Suspected Kurdish political activists remained detained for freedom of expression. On October 5, 1992, four illegal Kurdish organizations had published materials to mark the thirtieth anniversary of Decree Law No. 93 of 1962, which effectively stripped about 120,000 Kurds of their Syrian citizenship and passports (the number of stateless Kurds has since risen by natural increase to 180,000). The groups had called upon Syrian citizens to support equal civil and cultural rights for the Kurds. The authorities responded with the arrest of about 260 Kurds in al-Hassakah, Ras al-`Ain and al-Qamishli in the northeast, and in Aleppo and Afrin in the northwest. Forty of the Kurds remained in detention in 1993, most of them suspected of membership in the banned Kurdish Popular Union Party. CDF reported that authorities prevented some Kurdish intellectuals from traveling abroad throughout 1993, and prohibited the formation of Kurdish cultural centers, bookshops, publishing houses and other associations. In a further mark of discrimination against Kurdish culture, a September 1992 decree (No. 122) prohibited Syrian civil servants from registering children with Kurdish first names.
Syrian prisons, known for their abysmal conditions in violation of minimum international standards, remained off-limits to independent domestic or foreign scrutiny. There continued to be grave concerns about inadequate medical care for prisoners suffering from serious illnesses. In August, CDF submitted to the U.N. Human Rights Commission the names of fourteen prisoners believed to be in poor health, including lawyer Riad al-Turk, arrested in 1980, and former government minister Muhammed `Id Ashshawi, arrested in 1970.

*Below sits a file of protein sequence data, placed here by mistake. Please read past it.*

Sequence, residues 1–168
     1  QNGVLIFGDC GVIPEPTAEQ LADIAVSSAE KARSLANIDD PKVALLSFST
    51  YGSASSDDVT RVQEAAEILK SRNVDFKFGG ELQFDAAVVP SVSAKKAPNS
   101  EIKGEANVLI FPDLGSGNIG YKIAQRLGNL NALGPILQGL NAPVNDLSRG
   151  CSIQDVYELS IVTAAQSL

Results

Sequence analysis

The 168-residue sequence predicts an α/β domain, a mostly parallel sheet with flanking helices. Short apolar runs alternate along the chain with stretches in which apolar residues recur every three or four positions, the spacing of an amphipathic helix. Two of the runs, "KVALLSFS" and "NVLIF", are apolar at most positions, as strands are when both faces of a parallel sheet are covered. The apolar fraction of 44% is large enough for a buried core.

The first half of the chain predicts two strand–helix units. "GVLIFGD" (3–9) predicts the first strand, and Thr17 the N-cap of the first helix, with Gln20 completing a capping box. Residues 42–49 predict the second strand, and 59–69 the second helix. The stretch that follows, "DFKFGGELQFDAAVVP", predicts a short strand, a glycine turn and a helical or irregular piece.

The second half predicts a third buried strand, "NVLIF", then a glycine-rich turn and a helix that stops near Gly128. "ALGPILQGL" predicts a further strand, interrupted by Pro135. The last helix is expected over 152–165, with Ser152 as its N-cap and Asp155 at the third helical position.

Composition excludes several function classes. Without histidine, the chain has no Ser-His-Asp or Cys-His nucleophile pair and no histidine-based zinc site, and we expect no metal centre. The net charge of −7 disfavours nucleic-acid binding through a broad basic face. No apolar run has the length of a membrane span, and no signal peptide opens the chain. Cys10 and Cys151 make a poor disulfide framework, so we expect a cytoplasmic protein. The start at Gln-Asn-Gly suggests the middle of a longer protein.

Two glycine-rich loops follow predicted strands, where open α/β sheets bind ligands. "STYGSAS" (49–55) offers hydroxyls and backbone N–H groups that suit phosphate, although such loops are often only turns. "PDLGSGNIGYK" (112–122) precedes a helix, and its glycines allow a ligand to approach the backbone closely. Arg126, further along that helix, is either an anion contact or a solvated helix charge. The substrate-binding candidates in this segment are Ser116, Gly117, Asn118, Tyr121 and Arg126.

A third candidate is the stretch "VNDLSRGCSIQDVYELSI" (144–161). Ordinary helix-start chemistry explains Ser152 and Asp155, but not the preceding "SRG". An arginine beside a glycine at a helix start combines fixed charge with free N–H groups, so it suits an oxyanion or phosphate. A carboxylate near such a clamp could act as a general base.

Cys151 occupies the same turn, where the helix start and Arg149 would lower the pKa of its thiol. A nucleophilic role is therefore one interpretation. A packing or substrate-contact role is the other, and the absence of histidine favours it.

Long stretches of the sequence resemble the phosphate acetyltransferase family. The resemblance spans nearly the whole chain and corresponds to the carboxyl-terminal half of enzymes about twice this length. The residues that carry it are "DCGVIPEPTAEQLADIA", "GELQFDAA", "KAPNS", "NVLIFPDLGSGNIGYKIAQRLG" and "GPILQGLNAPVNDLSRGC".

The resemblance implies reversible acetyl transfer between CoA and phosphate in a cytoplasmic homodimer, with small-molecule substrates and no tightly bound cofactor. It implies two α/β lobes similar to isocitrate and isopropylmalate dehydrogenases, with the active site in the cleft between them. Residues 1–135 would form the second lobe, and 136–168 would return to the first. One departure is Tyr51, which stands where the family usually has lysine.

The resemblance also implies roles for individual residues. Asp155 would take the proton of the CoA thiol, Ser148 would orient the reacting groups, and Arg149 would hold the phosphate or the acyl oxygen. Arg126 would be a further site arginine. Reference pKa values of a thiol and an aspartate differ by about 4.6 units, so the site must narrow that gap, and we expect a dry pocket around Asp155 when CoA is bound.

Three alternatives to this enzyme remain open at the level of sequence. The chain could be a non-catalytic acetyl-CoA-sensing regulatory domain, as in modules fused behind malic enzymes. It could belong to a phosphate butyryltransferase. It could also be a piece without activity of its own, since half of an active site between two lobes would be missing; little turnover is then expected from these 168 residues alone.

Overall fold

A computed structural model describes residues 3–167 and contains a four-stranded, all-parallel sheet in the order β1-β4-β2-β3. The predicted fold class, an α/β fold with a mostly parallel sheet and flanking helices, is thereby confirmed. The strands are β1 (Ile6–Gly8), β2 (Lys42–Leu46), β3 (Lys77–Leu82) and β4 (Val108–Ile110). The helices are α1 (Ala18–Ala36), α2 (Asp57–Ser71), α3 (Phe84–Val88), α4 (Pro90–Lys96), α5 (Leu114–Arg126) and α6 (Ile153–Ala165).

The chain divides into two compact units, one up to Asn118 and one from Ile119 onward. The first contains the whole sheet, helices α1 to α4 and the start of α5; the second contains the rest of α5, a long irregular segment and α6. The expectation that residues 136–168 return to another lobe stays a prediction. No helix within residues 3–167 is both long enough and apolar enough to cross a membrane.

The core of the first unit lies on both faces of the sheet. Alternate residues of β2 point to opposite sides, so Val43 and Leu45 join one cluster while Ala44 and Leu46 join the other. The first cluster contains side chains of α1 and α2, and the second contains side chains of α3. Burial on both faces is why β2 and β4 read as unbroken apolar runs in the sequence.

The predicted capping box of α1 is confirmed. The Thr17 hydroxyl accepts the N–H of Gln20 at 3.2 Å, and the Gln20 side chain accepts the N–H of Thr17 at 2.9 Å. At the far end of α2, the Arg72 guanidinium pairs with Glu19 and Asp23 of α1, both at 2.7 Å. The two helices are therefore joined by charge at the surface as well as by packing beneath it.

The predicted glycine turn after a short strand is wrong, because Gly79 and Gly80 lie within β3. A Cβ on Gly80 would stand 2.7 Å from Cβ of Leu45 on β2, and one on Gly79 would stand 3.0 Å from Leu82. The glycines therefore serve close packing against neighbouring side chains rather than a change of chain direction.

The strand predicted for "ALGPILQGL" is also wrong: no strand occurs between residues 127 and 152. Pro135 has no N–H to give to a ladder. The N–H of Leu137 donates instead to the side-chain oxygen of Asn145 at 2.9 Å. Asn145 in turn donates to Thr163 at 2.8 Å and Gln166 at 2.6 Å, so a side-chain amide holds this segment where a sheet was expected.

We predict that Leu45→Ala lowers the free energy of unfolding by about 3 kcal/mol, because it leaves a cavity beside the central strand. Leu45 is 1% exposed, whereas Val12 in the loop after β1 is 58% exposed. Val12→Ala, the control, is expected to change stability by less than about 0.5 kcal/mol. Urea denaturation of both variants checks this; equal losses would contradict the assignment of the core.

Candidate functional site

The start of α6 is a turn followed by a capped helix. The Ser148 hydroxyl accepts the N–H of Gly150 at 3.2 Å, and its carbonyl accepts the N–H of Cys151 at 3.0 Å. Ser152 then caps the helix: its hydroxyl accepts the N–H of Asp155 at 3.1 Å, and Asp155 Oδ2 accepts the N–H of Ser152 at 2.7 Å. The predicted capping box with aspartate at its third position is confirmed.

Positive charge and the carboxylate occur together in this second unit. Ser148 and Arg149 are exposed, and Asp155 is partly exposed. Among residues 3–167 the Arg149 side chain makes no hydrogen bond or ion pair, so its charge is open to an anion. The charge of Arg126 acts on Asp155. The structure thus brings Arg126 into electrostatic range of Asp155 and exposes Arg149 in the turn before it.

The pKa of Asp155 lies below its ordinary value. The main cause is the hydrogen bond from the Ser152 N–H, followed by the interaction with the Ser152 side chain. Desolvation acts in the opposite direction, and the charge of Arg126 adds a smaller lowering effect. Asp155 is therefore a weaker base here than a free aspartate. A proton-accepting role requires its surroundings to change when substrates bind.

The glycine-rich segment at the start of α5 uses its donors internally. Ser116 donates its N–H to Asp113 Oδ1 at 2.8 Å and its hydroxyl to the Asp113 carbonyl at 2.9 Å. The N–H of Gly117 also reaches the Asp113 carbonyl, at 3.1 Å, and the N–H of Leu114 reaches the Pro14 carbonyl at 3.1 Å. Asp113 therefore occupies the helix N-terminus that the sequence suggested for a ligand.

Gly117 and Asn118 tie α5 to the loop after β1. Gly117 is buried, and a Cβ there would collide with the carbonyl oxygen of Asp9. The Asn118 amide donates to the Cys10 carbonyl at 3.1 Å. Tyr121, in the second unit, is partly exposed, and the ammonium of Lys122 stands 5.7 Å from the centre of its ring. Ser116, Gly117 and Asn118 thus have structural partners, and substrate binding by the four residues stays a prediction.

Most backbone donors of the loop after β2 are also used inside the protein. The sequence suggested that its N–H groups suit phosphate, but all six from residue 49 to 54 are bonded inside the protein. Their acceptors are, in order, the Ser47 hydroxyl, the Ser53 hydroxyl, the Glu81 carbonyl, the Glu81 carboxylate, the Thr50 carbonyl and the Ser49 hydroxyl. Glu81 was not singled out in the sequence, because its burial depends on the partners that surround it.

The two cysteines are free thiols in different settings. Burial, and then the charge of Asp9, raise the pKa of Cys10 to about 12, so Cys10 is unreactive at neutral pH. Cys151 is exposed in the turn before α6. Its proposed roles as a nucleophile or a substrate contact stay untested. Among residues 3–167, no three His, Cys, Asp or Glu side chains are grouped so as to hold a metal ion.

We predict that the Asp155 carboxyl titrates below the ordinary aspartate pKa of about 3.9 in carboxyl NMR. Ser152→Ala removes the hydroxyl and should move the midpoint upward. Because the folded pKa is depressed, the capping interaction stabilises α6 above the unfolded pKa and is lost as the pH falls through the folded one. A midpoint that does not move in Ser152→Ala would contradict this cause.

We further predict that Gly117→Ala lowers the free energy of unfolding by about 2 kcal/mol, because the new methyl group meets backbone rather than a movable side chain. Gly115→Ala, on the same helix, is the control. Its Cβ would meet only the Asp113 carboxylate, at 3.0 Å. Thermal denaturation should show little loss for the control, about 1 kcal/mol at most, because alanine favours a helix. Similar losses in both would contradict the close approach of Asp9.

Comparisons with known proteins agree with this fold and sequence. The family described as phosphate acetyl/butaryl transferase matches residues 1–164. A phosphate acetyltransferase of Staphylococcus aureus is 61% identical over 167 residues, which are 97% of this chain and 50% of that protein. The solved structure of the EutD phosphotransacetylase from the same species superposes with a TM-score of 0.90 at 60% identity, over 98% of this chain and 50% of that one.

Some of the longest-serving political prisoners in the world remained incarcerated in Syrian jails.Their advanced age, coupled with conditions of confinement and medical care, raised humanitarian and human rights concerns. In 1993, the government released five prisoners, former high-ranking officials, who had been held for over twenty-two years; these releases reportedly left thirteen men in detention who had been arrested between 1969 and 1972: eight of them were never tried, and four (all arrested in 1970) had been held beyond the expiry of their sentences in 1985. One of the prisoners never charged or tried was sixty-nine-year-old Gen. Salah Jadid, a key figure in the 1963 coup and de facto head of the Ba`th Party at the time of his arrest in November 1970 following a bloodless coup led by his former colleague, then-Defense Minister Hafez al-Asad. Gen. Jadid had been held in al-Mezze military prison in Damascus and died on August 19. Rights groups and Jadid loyalists called for an independent investigation of the circumstances of his death. CDF received information that ten members of Jadid's family were arrested after his death, including his grandsons Nidal Jadid and Salah Jadid.